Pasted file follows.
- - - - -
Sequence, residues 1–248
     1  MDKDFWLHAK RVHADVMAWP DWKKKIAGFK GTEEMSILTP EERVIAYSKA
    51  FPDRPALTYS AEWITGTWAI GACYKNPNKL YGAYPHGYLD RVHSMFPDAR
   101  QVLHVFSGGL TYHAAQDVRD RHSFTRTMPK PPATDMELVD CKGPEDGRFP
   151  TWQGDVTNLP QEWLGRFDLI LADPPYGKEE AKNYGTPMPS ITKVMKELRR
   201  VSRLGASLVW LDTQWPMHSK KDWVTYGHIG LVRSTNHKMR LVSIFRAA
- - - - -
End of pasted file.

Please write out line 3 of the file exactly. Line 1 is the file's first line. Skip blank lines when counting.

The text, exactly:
    51  FPDRPALTYS AEWITGTWAI GACYKNPNKL YGAYPHGYLD RVHSMFPDAR